T. 07768 654955 E. scott.walker@scconsultancy.uk


Update on the FSS Meat Industry Charge Rates for 2024/25

We find ourselves at a pivotal moment regarding the impending increase in FSS meat industry charge rates for the fiscal year 2024/25.  The 20% surge in the Official Veterinarian (OV) rate and the 17% hike in the Meat Hygiene Inspector (MHI) rate pose significant challenges to our industry given the current economic climate within which it is operating.

In our recent dialogue with Jenni Minto, Minister for Public Health, we outlined three primary requests:


  1. Comprehensive transparency regarding the costs associated with the charge rates for 2024/25.
  2. Consideration for augmenting the Ministerial discount for 2024/25 to counteract FSS cost escalations.
  3. Postponement of the implementation of the new charge rates until resolutions are reached on points 1 and 2.

While FSS has furnished us with a more detailed breakdown of the costs comprising the 2024/25 charge rates, the unresolved issue of the Ministerial discount persists.  As the first invoices will soon be issued, we have once again reached out to the Minister, urgently urging a delay in the implementation of these new charge rates.

Considering that a significant portion of the rise in this year’s charge rates can be attributed to Scottish Government policies, including the forthcoming implementation of the 35-hour workweek from October 1st, 2024, and the pay award increases spanning from 2023 to 2025, it’s important to recognise that these factors are beyond the control of our industry. As they do not mirror the commercial realities within meat plants, it becomes imperative to seek additional support through this year’s Ministerial discount funding.

In the face of escalating costs, our customers rightfully expect us to explore every avenue to mitigate these increases through cost-saving measures.  We maintain steadfastly that any cost escalations in FSS charge rates should be met with corresponding efforts to offset them.  It is our firm conviction that the burden of increased costs for official controls should not unilaterally fall upon the industry without exhaustive exploration of all operational adjustments to mitigate these escalations.  As it stands many plants may simply not pay the increase when faced with the invoices calculated at the new charge rates.

SAMW continue to collaborate with FSS, offering insights and potential strategies that could alleviate the industry’s burden.  As we navigate this challenge, we remain committed to advocating for a sustainable future for our sector.



Red Meat, Health, and Climate Change in Scotland

By Scott Walker

At the request of the Scottish Government, Food Standards Scotland (FSS), in collaboration with the University of Edinburgh, modelled the impact of decreasing meat and dairy consumption on the nation’s intake of essential nutrients.  This study was prompted by the Climate Change Committee’s suggestion for the Scottish Government to promote a 20% reduction in meat consumption by 2030, increasing to 35% by 2050.

Yet, amidst calls for reduced meat consumption to mitigate climate change, FSS issues a cautionary note.  They emphasise that a blanket reduction in meat and dairy consumption could exacerbate existing micronutrient deficiencies, particularly among those already with low intakes.  Therefore, their advice regarding the consumption of red and processed meats remains unchanged.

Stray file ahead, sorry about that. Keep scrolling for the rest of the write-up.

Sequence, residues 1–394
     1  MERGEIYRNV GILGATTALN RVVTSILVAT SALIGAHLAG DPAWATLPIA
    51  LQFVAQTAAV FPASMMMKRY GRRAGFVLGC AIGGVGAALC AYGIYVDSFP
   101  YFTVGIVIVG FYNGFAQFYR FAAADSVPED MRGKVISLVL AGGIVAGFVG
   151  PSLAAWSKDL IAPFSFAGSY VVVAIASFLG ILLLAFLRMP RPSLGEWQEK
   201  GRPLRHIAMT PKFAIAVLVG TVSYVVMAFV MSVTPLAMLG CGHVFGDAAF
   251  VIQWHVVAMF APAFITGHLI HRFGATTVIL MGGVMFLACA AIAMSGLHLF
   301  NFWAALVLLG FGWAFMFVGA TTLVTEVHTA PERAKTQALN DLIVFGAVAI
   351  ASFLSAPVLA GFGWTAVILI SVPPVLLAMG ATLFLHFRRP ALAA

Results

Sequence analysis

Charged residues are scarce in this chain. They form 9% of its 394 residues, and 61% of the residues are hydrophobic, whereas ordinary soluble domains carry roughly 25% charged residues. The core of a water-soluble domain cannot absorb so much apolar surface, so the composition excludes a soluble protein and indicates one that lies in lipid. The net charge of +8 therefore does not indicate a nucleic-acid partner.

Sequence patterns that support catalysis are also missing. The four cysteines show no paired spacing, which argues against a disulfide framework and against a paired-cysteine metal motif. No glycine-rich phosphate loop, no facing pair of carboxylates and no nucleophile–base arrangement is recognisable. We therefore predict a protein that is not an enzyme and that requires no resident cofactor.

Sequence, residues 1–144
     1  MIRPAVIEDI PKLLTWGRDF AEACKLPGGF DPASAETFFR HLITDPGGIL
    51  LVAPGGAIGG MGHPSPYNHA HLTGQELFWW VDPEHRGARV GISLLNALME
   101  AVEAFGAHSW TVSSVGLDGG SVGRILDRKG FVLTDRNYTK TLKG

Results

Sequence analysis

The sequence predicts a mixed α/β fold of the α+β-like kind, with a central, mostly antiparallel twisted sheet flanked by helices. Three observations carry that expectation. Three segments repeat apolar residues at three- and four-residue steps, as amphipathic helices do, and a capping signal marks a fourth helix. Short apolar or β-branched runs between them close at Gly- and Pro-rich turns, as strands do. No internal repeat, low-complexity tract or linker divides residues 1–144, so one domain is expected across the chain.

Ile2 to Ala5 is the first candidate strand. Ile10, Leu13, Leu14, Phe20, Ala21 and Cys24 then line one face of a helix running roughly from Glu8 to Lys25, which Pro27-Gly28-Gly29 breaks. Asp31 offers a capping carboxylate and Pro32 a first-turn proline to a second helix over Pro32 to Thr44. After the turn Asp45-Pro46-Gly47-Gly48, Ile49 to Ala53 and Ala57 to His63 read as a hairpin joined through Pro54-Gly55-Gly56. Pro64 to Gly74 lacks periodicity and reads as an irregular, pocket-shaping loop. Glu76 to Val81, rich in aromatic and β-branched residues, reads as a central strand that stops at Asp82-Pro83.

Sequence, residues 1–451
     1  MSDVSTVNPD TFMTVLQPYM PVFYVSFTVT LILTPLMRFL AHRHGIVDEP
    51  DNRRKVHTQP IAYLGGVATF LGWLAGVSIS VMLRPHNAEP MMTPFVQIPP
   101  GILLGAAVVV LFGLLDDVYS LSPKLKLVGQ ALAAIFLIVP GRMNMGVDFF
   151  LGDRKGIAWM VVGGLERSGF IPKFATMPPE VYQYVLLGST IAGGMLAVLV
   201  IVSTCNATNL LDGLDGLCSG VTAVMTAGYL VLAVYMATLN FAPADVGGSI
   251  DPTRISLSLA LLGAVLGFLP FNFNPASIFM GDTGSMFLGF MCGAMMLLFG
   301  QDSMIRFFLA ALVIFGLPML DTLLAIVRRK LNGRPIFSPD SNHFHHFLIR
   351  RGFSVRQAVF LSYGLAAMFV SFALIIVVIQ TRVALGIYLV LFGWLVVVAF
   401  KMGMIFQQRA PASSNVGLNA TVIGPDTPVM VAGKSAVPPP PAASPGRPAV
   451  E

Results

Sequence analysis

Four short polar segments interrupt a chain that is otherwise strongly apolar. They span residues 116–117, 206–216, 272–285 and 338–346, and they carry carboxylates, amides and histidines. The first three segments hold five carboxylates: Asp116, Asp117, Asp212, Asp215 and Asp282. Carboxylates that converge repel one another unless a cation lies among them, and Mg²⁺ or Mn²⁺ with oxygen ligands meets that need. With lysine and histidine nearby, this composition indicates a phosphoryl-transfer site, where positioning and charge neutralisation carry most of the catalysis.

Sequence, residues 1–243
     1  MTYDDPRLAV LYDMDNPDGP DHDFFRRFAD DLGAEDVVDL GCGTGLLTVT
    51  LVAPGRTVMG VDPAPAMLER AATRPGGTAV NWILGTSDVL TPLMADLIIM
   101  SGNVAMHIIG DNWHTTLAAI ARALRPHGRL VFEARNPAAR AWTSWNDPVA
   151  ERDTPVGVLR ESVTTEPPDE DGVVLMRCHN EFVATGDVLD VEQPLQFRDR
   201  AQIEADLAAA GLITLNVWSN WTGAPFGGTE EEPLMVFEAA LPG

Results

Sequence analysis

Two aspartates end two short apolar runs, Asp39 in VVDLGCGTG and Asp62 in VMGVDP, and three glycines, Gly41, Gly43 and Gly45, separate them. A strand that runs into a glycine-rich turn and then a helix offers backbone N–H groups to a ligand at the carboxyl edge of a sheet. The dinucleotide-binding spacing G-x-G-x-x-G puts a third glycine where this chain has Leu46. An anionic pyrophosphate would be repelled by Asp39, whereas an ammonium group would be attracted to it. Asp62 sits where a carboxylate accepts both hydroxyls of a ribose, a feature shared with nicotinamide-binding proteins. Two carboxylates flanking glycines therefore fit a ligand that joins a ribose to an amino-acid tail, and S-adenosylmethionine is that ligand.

The findings of the research underline the importance of a well-rounded diet that includes Scottish red meat.  The research conducted by Food Standards Scotland and the University of Edinburgh indicates the necessity of finding a balance between climate objectives and maintaining people’s health and nutrition.  Red meat serves as a significant source of vital nutrients crucial for overall health, including iron and selenium for immune function, B vitamins for energy, zinc for children’s growth, and vitamin D for bone density.

Issuing a blanket public health recommendation to decrease meat consumption could disproportionately affect the nutrient intake of women and girls, many of whom already struggle to meet dietary recommendations.  In Scotland, average consumption of red meat now falls below the recommended daily limit of 70g set by government experts, with women showing lower consumption than men.  This suggests that most individuals are already consuming an appropriate amount of red meat for their health and well-being.

So, what’s the takeaway from this debate?  Moderation is key.  Incorporating Scotch Beef, Scotch Lamb, and Specially Selected Pork into a diet alongside other nutritious options, red meat remains an integral part of a healthy eating plan.

Scotland is renowned as one of the most sustainable regions for producing high-quality, nutritious red meat.  Farmers consistently operate in harmony with the environment, particularly within the beef supply chain, actively working to reduce emissions in accordance with government policies.  Quality Meat Scotland (QMS) supports Food Standards Scotland’s aim of encouraging adherence to the official Scottish Dietary Goals.  Red meat can be a component of a healthy, balanced diet, especially when consumers opt for brands such as Scotch Beef, Scotch Lamb, and Specially Selected Pork, which adhere to evidence-based welfare and environmental standards.

Rather than setting targets for reduced meat consumption solely to address climate change, there should be a concerted effort to achieve all of the Scottish Dietary Goals and support a greater number of people in adopting the Eatwell Guide dietary recommendations.


Navigating Meat Industry Challenges at SAMW New Year Lunch 2024

Lively Discussion on Recruitment, Perception, and Future Hopes

Kicking off the New Year, industry leaders gathered for a thought-provoking panel discussion at SAMW’s New Year Lunch 2024.  The conversation delved into pressing issues facing the meat industry, from recruitment challenges to changing perceptions and hopes for the future.  The lively discussion saw Marion MacCormick, Scotland Food & Drink Board Member; Jack Brown, Kepak management trainee; Scott Walker, SAMW Executive Manager; Emma Hodge, AgriScot beef farm of the year 2023; and Andrew Duff, MacDuff 1890, sharing their insights and experiences.